LGBT History Month Review: Lilting


Delicate, touching and avoiding any over-dramatization of its topic

  • 10

Hong Khaou’s Lilting is by far one of the strongest LGBT release of 2014. First shown in the UK as the opening film of the London BFI Flare after being a critical hit at Sundance 2014, the film had a rather small theatrical release in the country early August, before being released on DVD and Blu-Ray by Artificial Eye at the end of September last year. Delicate, touching and avoiding any over-dramatization of its topic, Lilting is a brilliant piece of cinema offering a reflexion on understanding differences, and dealing with the loneliness that follows, and sometimes precedes, the lost of someone dear.

Junn (Pei-pei Cheng), a Cambodian-Chinese mother, mourns the untimely death of her son Kai. Richard (Ben Whishaw), Kai’s partner, tries to connect with Junn and help her through her life without her son, in this country she never fully integrated. Without even sharing the same language, Junn and Richard slowly learn how to share and try to get over their pain, whilst getting to understand what the essence of each other’s relationship with Kai was.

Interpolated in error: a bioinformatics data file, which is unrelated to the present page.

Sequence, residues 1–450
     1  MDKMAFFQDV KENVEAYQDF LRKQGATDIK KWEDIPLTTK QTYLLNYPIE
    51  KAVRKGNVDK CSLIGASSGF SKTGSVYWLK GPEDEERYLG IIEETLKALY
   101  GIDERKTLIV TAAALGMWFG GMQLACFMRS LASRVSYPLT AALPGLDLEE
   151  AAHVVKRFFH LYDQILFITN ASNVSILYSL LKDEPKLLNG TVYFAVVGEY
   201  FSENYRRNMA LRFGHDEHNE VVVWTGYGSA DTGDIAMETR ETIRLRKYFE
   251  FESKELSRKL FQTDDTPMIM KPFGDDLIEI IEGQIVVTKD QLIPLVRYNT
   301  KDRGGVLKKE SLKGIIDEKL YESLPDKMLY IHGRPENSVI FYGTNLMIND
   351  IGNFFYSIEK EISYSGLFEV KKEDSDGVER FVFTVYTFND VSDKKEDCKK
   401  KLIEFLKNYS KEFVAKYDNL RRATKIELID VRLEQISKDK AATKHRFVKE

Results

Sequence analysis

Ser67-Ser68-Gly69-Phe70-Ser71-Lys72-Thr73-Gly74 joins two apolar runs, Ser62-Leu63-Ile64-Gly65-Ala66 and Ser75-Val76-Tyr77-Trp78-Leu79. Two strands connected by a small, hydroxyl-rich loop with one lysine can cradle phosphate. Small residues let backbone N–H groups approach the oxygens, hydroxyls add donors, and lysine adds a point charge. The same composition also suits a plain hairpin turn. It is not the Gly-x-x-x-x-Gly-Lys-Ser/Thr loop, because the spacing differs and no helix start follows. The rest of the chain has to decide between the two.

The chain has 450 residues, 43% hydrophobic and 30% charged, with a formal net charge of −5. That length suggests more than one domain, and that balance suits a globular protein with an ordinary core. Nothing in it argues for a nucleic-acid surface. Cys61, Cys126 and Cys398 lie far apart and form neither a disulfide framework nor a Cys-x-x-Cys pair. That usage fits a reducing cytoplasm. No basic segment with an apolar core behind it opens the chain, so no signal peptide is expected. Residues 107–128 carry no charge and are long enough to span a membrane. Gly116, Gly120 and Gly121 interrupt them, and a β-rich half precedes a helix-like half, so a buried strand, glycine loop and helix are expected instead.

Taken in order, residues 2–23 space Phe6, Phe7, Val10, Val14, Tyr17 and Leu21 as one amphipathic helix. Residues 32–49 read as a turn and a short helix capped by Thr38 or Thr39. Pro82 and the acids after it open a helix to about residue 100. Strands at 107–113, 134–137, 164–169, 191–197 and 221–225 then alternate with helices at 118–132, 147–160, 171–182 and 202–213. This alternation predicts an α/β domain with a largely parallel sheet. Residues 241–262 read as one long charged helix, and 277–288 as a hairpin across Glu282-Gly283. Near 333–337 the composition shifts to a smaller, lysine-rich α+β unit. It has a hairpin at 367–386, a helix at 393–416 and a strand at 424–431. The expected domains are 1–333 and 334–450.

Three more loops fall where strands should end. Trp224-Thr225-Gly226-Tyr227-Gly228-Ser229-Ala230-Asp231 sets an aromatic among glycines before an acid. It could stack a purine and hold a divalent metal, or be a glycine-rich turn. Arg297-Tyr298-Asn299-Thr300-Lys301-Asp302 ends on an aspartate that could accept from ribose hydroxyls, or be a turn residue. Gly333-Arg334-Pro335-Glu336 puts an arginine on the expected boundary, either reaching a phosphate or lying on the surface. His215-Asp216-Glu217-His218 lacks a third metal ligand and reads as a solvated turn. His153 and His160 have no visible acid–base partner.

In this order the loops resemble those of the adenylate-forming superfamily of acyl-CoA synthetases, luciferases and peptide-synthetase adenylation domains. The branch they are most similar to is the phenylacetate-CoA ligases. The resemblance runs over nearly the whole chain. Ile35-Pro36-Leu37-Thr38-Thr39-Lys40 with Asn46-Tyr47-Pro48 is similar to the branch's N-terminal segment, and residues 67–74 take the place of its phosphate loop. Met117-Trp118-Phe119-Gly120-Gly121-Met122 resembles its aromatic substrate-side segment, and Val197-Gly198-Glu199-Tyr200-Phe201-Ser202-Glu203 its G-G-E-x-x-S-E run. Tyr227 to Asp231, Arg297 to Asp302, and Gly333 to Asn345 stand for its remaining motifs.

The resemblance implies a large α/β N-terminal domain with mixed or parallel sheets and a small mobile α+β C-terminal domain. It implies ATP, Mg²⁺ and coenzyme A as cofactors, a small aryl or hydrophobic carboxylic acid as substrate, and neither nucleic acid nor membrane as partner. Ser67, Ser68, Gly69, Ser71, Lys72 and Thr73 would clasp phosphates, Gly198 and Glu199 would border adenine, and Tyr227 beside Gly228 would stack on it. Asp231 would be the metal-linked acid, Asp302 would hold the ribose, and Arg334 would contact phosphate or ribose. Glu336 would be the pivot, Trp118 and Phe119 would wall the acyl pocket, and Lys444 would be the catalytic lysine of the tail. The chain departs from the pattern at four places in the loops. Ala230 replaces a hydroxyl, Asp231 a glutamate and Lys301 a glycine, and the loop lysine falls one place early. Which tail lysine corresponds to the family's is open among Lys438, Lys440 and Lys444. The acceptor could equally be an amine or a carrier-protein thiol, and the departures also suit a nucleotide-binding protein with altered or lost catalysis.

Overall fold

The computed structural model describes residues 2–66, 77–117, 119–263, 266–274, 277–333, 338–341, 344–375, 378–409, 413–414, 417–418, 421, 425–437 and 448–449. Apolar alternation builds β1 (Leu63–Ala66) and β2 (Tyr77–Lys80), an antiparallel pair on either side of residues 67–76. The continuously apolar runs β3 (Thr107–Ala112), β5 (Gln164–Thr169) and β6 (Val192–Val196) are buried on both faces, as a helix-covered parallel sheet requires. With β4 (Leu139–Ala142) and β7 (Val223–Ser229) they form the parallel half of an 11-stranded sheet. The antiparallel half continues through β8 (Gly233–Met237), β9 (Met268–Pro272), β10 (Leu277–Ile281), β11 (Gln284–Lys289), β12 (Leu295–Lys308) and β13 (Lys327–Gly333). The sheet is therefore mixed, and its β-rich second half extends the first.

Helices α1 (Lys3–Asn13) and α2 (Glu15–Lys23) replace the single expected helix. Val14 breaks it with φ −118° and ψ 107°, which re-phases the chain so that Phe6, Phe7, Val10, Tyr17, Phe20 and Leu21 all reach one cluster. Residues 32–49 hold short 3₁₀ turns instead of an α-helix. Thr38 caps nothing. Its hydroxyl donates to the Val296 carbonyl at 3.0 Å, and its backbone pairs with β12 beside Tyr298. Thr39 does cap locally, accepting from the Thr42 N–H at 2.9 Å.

Alternating between flashbacks, and sequences that edge between memories and fantasies, the film reconstructs Richard and Junn’s respective relationships with Kai, gently guiding the viewer towards an understanding of both’s reactions to the death of their loved one. Although brokenly edited, the film never is aggressive in cutting and linking one sequence from another. Every scene seems to lightly flow and lead to the next, the camera almost dancing on the pastel colours of the cinematography, which slowly leads to the final sequence of the film.

Delicately crafted, Lilting‘s climax tangles Richard – and Kai’s – coming out to Junn, with a monologue about loneliness from the mother. This finale works without any explosion, any drama and almost any surprise, avoiding the too-clich├ęd coming-out sequence usually depicted in films, and leaves place for a cinematic space of freedom, where the characters are finally liberated from too-much unsaid. Junn was tired of asking for attention; Richard and Kai were in love. The circle of memories are closed, we’re back to the beginning and the characters are now free to move on.

Lilting (2014), directed by Hong Khaou, is distributed in the UK by Artificial Eye, Certificate 15.



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Ex-Film Editor and future ex-MA student, dissecting films since 2006.

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